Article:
As explained in this article, writing across the curriculum deepens a student's conceptual understanding of the subject matter at hand, even if the assignment involves two things as seemingly mismatched as fire and ice! Writing activities and percentages! How does the one reinforce the other!

Also, by incorporating multiple intelligence lesson plans as you implement writing in math class, you are presenting the material through all of the ways your kids are "smart". You are differentiating instruction for each of your students in the ways they learn best!

**Verbal-Linguistic:**oral presentations of the math collages; writing paragraphs about math concepts; writing a math rap**Spatial:**finding math-related pictures; illustrating paragraphs**Bodily-Kinesthetic:**performing a math rap with dance movements; cutting and pasting pictures for math collages**Logical-Mathematical:**state logical reasons for selecting pictures to represent mathematical concepts or activities**Interpersonal:**a group performance of a math rap; create math collages with partners**Intrapersonal:**independently choose pictures for math collages; write paragraphs independently**Musical:**write and perform a math rap**Naturalist:**write descriptions of mathematical concepts found in nature**Existential:**describe a world without math!

You might decide to adapt these suggestions for more specific concepts, such as geometry. You might create mandalas and then describe the patterns found in nature. Let this lesson plan spark your own creative thinking!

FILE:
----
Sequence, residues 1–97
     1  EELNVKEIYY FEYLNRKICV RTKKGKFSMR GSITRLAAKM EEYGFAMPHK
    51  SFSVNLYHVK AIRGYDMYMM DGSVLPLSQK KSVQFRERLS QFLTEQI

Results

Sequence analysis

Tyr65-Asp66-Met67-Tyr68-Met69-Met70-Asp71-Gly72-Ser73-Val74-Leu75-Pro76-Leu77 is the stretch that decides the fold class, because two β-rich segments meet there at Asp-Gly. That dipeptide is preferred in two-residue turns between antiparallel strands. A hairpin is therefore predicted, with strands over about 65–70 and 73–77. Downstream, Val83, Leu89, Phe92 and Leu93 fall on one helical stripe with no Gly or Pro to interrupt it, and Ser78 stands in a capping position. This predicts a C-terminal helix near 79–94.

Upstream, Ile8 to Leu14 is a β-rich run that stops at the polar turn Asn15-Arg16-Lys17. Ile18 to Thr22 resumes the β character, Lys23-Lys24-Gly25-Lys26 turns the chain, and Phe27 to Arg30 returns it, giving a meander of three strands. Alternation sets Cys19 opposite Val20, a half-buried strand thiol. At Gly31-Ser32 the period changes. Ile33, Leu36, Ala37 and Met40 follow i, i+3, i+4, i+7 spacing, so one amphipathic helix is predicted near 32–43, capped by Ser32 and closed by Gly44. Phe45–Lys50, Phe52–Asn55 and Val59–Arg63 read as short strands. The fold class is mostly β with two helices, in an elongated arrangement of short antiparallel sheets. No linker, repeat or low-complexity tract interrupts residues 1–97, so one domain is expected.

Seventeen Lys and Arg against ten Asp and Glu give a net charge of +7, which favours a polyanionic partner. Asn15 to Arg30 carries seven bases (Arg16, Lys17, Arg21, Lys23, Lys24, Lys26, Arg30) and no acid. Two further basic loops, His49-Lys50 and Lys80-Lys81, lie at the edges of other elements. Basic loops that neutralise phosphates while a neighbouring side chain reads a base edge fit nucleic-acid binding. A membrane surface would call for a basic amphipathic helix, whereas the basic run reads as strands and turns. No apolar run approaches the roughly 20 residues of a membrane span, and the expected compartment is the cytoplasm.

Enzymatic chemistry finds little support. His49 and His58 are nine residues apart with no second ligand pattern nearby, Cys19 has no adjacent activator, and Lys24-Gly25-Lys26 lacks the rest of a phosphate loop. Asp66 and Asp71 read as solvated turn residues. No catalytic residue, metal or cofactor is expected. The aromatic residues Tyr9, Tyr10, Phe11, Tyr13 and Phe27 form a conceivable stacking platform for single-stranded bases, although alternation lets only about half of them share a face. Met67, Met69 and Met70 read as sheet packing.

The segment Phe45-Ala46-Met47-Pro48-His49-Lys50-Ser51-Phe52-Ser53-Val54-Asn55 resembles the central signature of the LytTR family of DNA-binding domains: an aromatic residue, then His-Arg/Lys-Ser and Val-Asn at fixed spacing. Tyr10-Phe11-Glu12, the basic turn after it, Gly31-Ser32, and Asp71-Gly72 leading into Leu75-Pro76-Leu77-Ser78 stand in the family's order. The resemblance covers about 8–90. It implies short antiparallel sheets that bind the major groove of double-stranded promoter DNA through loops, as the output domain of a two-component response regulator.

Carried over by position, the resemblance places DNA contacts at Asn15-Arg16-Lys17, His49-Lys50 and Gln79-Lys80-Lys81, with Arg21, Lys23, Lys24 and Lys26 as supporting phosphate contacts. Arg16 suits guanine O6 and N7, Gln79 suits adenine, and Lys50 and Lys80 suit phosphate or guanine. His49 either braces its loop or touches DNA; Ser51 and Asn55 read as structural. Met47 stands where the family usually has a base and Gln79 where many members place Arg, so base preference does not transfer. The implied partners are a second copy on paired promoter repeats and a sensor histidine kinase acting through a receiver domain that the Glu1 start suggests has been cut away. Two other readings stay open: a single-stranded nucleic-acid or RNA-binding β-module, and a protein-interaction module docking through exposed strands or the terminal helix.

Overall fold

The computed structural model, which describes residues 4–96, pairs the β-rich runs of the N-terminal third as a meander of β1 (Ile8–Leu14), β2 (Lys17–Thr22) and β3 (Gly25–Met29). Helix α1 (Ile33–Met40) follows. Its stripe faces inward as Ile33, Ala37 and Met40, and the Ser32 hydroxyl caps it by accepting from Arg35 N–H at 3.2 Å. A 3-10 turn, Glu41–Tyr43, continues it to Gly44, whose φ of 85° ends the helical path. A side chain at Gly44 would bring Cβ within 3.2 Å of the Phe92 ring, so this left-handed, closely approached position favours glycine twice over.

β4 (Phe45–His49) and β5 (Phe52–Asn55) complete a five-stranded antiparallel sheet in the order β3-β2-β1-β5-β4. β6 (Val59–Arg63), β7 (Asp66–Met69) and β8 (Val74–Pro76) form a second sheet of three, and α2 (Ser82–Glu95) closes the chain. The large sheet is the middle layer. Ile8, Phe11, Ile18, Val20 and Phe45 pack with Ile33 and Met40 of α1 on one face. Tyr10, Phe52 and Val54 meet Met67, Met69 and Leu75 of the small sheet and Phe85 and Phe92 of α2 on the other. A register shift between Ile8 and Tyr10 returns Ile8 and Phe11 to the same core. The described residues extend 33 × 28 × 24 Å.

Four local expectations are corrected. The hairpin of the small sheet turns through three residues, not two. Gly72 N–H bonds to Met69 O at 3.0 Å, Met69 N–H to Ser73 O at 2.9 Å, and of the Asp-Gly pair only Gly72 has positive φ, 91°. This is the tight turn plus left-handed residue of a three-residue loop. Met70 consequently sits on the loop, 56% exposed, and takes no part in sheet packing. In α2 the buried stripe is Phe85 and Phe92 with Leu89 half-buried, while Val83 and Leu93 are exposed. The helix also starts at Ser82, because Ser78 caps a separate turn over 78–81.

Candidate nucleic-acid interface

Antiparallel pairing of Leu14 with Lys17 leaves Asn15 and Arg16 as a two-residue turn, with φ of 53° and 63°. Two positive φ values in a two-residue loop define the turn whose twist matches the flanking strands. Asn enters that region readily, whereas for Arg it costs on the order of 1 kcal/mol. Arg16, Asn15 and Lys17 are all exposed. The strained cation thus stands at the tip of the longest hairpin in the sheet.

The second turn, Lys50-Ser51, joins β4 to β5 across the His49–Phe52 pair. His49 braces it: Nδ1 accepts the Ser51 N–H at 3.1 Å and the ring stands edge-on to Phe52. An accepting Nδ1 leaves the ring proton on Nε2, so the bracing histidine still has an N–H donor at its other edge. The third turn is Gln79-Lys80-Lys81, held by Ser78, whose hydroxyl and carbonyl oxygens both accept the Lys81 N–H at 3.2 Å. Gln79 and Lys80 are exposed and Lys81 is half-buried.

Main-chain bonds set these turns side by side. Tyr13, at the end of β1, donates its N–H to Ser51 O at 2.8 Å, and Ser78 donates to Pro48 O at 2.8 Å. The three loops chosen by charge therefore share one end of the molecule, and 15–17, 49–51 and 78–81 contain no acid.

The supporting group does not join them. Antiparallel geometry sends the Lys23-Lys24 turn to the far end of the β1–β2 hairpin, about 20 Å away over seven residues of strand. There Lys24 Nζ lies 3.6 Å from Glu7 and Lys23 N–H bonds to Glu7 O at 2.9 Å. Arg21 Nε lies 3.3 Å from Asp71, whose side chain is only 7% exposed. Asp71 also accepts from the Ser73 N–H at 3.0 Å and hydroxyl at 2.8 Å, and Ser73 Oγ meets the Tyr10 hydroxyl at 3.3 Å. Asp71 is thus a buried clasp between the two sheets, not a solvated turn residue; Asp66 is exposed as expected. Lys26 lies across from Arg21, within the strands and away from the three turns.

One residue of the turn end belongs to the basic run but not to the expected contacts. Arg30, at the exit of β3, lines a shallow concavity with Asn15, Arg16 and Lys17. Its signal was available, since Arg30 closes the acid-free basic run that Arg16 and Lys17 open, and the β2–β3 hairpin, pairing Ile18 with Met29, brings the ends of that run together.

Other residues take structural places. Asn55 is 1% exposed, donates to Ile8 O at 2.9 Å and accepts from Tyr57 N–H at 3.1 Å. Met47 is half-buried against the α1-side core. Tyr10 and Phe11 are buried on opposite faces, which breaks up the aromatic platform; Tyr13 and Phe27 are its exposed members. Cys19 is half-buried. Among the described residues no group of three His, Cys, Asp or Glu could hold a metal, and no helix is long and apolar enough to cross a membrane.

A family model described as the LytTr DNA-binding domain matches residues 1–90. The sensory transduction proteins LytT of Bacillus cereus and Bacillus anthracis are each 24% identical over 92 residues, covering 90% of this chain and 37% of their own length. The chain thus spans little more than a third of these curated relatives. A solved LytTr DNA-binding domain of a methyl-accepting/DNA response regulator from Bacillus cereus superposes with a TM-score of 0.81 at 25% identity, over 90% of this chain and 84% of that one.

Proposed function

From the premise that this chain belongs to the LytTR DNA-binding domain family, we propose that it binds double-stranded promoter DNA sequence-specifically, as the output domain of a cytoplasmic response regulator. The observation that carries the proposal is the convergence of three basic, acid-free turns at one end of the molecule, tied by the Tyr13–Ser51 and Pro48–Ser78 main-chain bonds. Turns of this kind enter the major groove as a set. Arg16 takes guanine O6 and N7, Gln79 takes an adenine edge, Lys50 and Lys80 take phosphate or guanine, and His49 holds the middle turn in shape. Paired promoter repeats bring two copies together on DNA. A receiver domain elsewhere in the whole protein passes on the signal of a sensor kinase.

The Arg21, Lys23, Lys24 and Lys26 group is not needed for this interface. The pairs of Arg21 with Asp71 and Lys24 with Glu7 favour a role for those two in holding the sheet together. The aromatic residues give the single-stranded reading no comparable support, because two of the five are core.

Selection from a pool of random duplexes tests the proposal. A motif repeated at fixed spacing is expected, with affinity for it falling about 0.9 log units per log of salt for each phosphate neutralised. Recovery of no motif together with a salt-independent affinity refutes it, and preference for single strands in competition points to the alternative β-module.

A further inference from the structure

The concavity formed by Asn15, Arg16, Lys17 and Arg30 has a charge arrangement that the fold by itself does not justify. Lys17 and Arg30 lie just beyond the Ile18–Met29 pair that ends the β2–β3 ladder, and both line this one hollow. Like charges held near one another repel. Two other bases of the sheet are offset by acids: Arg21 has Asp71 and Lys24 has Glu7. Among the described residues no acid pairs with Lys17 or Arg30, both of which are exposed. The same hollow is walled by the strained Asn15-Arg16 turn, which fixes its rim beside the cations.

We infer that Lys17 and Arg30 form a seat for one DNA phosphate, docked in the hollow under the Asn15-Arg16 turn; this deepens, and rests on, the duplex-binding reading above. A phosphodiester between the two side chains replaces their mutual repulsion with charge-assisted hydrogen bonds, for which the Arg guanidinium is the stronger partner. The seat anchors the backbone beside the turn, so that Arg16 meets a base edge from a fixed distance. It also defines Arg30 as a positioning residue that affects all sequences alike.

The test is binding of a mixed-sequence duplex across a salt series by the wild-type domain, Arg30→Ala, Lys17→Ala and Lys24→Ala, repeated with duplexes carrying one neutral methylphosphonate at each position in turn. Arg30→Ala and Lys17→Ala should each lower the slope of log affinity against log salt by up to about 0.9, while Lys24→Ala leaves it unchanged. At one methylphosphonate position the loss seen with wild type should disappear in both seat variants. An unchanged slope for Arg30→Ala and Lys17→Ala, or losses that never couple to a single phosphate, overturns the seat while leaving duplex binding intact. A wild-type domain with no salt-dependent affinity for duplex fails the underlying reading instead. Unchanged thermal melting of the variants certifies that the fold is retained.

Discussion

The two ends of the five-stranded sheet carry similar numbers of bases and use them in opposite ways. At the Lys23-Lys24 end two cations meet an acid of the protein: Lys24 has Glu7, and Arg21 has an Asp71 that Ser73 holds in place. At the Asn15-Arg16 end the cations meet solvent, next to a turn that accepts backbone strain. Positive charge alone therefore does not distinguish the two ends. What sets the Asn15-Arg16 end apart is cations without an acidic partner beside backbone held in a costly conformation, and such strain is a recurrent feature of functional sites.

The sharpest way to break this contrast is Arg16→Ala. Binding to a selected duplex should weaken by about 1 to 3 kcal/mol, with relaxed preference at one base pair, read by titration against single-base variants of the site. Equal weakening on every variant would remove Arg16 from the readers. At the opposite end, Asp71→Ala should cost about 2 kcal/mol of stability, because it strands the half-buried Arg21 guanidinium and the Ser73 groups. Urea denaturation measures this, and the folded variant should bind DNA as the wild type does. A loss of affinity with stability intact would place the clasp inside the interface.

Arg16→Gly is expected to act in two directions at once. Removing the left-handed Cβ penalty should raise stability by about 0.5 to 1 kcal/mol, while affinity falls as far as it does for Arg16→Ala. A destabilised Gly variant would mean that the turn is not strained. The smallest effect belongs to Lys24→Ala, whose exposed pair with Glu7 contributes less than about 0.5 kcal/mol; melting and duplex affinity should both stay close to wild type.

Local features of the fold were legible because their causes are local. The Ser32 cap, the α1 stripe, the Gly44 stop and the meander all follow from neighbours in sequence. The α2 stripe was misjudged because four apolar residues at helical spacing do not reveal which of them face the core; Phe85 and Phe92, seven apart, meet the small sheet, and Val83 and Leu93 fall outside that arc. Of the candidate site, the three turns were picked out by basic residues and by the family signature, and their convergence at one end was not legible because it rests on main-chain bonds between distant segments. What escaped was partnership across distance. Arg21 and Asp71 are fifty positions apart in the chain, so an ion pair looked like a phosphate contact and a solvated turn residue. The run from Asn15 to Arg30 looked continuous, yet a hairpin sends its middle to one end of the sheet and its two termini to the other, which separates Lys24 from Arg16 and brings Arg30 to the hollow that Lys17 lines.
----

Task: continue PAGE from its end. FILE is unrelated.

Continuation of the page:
- Read one of the better quality picture books that illustrate math concepts, such as
**Eating Fractions**by Bruce McMillan (1991) or**How Much is a Million?**by David M. Schwarz (1985). - Discuss where these specific concepts can be found in daily living.
- Expand the discussion to cover other mathematical concepts and how those concepts are found in all aspects of life. For example, a clock and a microwave oven display time. Recipes use fractions and measurements. Price tags display money with decimals.
- Have students look through magazines, newspapers, and advertising flyers, locating and cutting out pictures that involve math concepts, numbers, illustrations, or symbols.
- Students then organize and paste their selected pictures into a collage.
- Allow students to give informal oral presentations about their collages, explaining why they chose each picture and how it relates to math.
- Moving into the paragraph activity, explain to students that they will write a structured paragraph about using math in everyday life. See this article for teaching activities for the parts of a paragraph. In fact, you may want to use these two articles together!
- Have students select mathematical concepts and write structured paragraphs consisting of a topic sentence, three supporting sentences, and a conclusion. Edit paragraphs, rewrite them neatly, and add appropriate illustrations.

- Does the paragraph have a title?
- Does the paragraph have a topic sentence, three supporting sentences, and a concluding sentence?
- Do the supporting sentences discuss the topic sentence?
- Is there an example for each concept?
- Are the punctuation, grammar, and spelling correct?
- Are the sentences complete?

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